My Raspberryπ has a serial console in its GPIOs. My logic level UART converter has four pins: GND, RXD, TXD and 3V3. It works without connecting 3V3.

Why should I want to connect the 3V3 pin to the Raspberryπ?


2 Answers 2


It's possible that the device is powered through the clamping diodes on the TxD input, since that will be higher than Vcc if you haven't that connected.

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Doing so is very naughty, the diodes are meant as overvoltage protection, not for powering the device. It's not because something works that it's wise to use it that way.

edit re your comment
You hadn't said anything about the USB connection! In that case the 3.3 V is not unconnected: it's the output of an on-board LDO voltage regulator, which also powers the UART converter. Chances are that it's an FTDI converter, probably an FT232R. In that case the 3.3 V regulator is on the FT232R IC.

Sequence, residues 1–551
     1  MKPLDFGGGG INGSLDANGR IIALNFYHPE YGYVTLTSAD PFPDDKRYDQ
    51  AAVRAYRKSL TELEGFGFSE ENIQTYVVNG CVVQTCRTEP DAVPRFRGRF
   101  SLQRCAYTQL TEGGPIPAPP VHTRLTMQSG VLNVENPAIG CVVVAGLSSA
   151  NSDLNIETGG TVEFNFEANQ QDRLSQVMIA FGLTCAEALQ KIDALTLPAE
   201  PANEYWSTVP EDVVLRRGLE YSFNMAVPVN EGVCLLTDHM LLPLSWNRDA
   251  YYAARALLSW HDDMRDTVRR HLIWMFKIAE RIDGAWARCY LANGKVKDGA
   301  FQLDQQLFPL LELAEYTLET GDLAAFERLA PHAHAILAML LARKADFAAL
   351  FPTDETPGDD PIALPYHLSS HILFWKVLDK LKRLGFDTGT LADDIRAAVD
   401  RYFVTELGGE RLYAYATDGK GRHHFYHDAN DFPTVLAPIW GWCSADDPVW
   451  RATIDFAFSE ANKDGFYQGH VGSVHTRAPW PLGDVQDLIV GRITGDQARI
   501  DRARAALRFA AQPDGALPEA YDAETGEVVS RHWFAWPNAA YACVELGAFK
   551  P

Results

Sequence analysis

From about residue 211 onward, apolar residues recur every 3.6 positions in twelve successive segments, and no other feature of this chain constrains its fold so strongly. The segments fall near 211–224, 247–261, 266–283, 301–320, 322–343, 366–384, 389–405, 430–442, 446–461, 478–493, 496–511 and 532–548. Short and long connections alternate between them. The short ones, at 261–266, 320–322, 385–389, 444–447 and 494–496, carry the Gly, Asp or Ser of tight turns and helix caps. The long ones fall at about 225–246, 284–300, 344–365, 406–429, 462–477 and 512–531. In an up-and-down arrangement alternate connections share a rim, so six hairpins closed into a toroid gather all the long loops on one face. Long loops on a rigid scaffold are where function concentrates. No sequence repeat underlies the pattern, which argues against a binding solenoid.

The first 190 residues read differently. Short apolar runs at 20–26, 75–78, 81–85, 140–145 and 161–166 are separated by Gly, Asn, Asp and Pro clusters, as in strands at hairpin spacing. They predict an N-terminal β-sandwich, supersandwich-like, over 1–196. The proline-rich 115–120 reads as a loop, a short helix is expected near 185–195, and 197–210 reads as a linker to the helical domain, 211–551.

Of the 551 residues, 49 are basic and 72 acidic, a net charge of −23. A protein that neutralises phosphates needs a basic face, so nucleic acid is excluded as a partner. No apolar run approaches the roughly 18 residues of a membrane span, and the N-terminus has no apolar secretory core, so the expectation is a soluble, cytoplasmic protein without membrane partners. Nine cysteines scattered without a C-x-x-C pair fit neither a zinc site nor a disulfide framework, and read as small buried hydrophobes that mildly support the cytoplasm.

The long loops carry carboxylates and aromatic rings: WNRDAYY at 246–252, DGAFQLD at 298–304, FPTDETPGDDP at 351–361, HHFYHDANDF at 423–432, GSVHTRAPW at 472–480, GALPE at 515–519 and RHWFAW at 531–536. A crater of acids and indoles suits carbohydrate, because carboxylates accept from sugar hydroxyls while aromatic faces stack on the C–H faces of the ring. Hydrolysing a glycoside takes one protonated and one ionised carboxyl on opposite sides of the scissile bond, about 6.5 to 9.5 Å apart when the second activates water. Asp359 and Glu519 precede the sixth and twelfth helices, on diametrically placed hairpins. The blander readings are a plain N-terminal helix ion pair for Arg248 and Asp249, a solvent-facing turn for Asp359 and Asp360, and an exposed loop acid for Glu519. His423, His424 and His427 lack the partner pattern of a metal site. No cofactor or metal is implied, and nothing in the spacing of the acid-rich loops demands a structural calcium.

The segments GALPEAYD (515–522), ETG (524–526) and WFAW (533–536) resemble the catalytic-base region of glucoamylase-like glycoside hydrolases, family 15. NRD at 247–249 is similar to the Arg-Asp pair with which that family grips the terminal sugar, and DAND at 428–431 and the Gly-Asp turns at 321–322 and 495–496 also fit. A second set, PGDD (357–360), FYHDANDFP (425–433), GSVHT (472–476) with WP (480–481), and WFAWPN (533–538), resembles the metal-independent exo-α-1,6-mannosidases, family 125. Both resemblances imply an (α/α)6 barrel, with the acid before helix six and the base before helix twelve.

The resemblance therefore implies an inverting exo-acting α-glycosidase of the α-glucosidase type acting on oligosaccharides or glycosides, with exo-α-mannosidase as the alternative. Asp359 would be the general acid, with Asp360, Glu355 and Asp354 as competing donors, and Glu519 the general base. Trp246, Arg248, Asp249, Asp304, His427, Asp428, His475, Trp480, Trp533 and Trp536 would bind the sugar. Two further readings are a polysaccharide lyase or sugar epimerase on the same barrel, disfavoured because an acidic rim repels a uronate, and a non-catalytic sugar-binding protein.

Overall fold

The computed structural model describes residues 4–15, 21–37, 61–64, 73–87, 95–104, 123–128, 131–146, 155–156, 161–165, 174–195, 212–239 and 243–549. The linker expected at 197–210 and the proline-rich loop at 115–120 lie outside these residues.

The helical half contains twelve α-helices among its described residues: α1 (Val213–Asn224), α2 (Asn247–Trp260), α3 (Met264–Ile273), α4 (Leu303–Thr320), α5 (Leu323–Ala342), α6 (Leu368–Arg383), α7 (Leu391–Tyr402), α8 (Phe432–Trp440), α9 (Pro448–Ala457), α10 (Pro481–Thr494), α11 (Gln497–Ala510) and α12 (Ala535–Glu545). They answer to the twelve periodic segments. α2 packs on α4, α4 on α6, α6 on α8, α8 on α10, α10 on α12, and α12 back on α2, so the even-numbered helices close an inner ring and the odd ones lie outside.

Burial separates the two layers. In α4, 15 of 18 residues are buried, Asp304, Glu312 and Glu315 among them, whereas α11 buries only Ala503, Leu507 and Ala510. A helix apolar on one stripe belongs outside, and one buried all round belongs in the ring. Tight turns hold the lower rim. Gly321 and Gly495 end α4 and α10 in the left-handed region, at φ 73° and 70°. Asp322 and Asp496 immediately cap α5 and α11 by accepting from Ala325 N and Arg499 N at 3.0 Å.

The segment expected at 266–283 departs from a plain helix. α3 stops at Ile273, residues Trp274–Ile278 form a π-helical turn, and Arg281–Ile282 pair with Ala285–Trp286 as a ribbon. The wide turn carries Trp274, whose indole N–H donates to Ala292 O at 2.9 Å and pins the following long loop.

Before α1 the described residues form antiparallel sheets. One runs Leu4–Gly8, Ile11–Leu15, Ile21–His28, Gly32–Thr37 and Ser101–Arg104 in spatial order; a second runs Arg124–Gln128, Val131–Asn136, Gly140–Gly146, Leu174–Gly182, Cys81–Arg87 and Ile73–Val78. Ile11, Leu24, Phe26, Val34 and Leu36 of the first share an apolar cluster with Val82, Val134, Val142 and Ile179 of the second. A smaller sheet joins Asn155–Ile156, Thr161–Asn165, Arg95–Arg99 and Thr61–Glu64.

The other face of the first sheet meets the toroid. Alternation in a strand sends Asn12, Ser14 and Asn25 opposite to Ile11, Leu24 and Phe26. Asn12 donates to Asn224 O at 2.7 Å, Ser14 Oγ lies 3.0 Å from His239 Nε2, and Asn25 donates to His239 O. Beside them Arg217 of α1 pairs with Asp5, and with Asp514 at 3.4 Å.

Up to 50mA can be drawn from this pin to power external logic if required. (p. 8)

Which is OK for a small microcontroller circuit, but not for the Rpi, which needs up to 700 mA.

  • \$\begingroup\$ OK, thank you for your fast reply. It's already powered through USB. \$\endgroup\$
    – bot47
    Aug 10, 2012 at 17:35
  • \$\begingroup\$ Then you must not connect it. \$\endgroup\$ Aug 10, 2012 at 19:41

You should not connect it. That 3V3 output can no supply enough current to power a RaPi. It is used when for instance a low-current 3V3 microcontroller is connected to the usb-serial converter.


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